Irving Babbitt and the Crisis of Nationalism, 1915 ~ The Imaginative Conservative
In the 1910s, one of America’s greatest humanists, Irving Babbitt (1865-1933), surprisingly decided to dive into the realm of political theory and, to a lesser degree, practical politics in his many writings. Up to this decade, Babbitt had written literary and cultural criticism, defenses of the liberal arts, and explorations of Chinese philosophy and religion, but little to no politics. This changed with the advent of World War I, and Babbitt decided to apply all that he had done prior to the decade to the political philosophies of Nietzsche, of internationalism, and, especially, of nationalism. In a series of articles in The Nation in 1915, Babbitt perceptively analyzed the world, its recent past, and its most likely future. Indeed, if anything, Babbitt’s words were deeply prophetic and should have been heeded by all.
All modern European history began, Babbitt declared, with the French Revolution. Though it had proclaimed a sort of radical internationalism, it had devolved very quickly into a brutal and violent nationalism, with “Viva la nation!” becoming its unholy war cry.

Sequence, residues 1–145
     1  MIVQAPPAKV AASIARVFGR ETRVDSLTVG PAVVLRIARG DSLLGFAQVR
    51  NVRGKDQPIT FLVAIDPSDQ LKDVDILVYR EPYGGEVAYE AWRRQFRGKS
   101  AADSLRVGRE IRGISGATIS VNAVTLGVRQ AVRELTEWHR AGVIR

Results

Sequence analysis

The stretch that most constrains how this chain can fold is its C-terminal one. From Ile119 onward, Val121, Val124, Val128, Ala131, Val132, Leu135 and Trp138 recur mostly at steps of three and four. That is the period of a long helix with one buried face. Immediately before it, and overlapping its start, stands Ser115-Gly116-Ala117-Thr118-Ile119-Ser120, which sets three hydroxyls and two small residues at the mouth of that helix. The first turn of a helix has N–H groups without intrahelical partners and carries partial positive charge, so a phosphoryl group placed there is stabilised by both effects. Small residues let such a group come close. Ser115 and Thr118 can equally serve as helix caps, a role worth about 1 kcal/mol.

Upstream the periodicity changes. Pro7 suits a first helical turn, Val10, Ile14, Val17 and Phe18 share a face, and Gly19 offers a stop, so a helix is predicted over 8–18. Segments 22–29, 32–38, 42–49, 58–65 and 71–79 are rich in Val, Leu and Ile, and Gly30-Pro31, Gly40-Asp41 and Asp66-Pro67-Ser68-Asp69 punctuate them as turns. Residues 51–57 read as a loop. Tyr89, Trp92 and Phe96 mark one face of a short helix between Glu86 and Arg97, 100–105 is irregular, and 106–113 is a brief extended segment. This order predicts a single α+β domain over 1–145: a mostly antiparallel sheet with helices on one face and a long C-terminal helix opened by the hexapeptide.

Infected by the ideologies and “isms” first propounded by the French, modern Europe had, too, devolved into particular chaoses of national units. “Europe is to-day less cosmopolitan in any genuine sense of the word than it was at almost any period in the Middle Ages. Moreover, the type of internationalism that has broken down so disastrously, as well as the type of nationalism that has overthrown it, are both of comparatively recent origin. ‘The sentiment of nationalities,’ says Renan, ‘is not a hundred years old.’ And, he adds that this sentiment was created in the world by the French Revolution,” Babbitt explained. The so-called brotherhood of the Jacobins, Babbitt reminded his readers, was not so much one of universal love, but rather an alliances of “Cains, men whose hands were stained with blood and who looked on one another with incurable distrust.” The French, Babbitt continued, moved from universalism to particularism to “bestiality.”
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